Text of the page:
Tuesday, December 2, 2008

Sin: A moral inability, not a natural one

An excerpt that is amazingly helpful to me and hopefully will be for you too:

"the sinner's inability to obey God does not nullify his duty to do so. This is a crucial point—perhaps the most crucial point of all—because it is the very point that ultimately distinguishes true Calvinism from both Arminianism and hyper-Calvinism. Both Arminians and hyper-Calvinists will protest that it is illogical or unjust to teach that God demands what sin renders us incapable of doing.

But it is neither illogical or unjust. Sin itself is a moral issue, and since sin is the cause of our inability, it is, as Jonathan Edwards said, a moral inability, not a natural one. The defect in man is his own fault, not God's. Therefore man's own inability is something he is guilty for, and that inability cannot therefore be seen as something that relieves the sinner of responsibility."
Excert from Phillip Johnson

4 comments:

beowulf2k8 said...

sin is not an inability but an act of rebellion. otherwise, there is no responsibility. a piece of plastic is not responsible for its lack of faith in the gospel, because it is a piece of plastic and cannot comprehend anything. "Oh no!" says the Calvinist "that piece of plastic is still responsible despite its inability!" Total rubbish.

beowulf2k8 said...

And hyper-Calvinism is exactly what you are arguing because hyper calvinism and calvinism are the same. trying to pretend an agreement between hyper calvinism and arminianism on the issue of responsibility is a bold faced lie on your part. your position is the hyper calvinist (and indeed only calvinist) position

Deb said...

Beowulf:
Plastic is not in anyway comparable to human will, so that is a ridiculous analogy.

Sin has different facets. There are specific "sins" or acts in which people engage and there is "Sin," as in "sin and death" which entered the world at the fall. This second kind of "Sin" has permeated humanity ever since the fall. That's what Phil Johnson and other reformed people are refering to when they talk about ability.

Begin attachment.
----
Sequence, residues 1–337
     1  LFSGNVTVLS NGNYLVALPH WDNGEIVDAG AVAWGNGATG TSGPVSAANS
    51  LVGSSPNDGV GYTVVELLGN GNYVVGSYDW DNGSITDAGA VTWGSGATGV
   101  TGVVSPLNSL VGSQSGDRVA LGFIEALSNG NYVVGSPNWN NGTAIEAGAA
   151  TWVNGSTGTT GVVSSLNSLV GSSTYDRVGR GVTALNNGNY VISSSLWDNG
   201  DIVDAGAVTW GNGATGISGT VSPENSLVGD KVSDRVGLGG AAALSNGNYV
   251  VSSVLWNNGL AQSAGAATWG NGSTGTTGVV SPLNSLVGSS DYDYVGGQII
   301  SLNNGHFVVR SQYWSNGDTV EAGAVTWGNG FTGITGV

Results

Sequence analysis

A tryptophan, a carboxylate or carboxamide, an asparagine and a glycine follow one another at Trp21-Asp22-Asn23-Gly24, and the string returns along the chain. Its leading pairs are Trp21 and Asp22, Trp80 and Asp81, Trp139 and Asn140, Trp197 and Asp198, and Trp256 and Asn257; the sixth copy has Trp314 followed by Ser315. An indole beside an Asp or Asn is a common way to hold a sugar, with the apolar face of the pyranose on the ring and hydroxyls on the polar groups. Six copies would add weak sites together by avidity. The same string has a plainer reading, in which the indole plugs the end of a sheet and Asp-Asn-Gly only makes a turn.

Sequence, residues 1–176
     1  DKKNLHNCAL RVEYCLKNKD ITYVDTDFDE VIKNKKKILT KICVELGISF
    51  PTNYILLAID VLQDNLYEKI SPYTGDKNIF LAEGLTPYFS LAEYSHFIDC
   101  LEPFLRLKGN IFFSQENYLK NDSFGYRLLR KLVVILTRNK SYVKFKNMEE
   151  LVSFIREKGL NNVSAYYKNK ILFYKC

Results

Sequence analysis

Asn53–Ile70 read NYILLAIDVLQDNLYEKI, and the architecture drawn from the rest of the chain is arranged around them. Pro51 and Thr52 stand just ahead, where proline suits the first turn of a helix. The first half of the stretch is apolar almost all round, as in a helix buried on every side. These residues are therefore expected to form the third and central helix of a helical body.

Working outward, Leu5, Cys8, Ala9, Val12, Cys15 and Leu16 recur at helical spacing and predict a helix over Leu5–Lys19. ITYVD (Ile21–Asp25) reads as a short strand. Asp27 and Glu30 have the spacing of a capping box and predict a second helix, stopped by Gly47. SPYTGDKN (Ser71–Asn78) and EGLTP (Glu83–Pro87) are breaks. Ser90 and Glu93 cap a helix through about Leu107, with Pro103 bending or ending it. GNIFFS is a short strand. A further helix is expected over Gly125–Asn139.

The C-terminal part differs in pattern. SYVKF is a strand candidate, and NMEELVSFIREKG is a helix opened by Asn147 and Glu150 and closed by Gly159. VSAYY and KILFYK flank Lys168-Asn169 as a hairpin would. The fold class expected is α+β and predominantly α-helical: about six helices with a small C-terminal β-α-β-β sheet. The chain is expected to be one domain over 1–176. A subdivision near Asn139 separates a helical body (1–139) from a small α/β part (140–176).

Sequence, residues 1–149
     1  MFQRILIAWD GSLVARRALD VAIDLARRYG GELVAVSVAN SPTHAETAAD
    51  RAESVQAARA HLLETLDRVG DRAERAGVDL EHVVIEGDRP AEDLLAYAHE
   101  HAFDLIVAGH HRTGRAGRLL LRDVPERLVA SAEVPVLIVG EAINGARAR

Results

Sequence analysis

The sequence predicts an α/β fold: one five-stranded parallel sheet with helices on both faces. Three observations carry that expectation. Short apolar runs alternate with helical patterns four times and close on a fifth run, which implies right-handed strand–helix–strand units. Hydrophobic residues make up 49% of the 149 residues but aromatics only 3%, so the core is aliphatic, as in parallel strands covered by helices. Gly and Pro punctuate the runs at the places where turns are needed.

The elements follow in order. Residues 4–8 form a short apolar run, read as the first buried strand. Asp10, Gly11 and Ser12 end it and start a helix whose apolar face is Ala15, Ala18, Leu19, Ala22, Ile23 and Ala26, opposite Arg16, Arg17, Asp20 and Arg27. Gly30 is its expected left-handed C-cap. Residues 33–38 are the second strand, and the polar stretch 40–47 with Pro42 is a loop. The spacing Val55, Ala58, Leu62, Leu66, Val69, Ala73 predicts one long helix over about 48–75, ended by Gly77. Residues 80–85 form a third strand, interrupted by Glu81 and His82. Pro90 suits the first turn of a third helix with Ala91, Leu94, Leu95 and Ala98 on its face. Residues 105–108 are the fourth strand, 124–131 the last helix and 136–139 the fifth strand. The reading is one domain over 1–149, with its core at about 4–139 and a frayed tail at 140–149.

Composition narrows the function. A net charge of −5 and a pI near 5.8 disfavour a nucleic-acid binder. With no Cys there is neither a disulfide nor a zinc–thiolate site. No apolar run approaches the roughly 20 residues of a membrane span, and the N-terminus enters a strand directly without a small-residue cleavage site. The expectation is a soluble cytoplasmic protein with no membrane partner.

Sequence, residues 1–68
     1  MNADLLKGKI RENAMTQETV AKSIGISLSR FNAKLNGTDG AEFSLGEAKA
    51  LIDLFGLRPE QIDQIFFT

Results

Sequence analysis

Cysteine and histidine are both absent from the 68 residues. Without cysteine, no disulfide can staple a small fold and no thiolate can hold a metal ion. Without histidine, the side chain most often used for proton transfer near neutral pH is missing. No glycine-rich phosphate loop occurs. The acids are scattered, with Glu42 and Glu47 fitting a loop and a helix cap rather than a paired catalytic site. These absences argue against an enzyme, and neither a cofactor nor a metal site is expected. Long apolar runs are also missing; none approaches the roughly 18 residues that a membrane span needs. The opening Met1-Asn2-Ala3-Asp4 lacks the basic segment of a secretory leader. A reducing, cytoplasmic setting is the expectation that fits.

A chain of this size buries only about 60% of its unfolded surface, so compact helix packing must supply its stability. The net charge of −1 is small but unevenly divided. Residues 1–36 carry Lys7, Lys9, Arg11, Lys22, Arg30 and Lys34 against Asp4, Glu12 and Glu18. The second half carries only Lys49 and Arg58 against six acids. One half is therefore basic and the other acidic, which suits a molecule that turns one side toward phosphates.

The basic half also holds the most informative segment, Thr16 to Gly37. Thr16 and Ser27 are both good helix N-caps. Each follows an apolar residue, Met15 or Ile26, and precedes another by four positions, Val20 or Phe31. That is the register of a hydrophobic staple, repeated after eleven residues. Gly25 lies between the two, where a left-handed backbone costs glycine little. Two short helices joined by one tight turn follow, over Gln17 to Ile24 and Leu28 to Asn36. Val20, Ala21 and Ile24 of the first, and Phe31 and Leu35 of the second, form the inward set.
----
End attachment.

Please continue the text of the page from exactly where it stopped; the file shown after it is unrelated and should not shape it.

The point of the quote is to say that the sin nature is not a "natural" condition. God did not give us this condition.

As an example, when someone says they were born gay, they are usually trying to imply is that gay is therefore "natural." However, any genetic propensity that one might have toward same sex attraction is not naturally given. Rather, it is a moral condition due to the noetic effects of the fall. But Romans 2 tells us that ALL people know by nature what is good and evil and therefore are without excuse for their specific sins. I know you don't believe in that, but I'm reformed and I do.

The Hyper-Calvinist (and yes, there is a distinction! whether you recognize it or not) in this case makes the error of believing "Sin" is in someway natural in the reprobate due to the fall which skews the human responsibilty factor and God's immutabilty.

If you really think that this quote says that there is agreement between hyper-calvinism and arminianism, then my only objection to your second comment is that your reading comprehension skills are highly lacking.

Deb said...

Beowulf: I'm really not sure who you are or why you keep harassing me. But here's the deal. I've got lots of Arminian Christian friends and don't think less of them because we disagree. I value iron sharpening iron by challenging each other's study and beliefs. I am open to doing that here. But personal attacks will not be tolerated on this blog (which is why I have deleted about 40 of your comments). If you can handle that, then go for it. Otherwise, future comments will be deleted immediately. Thank you.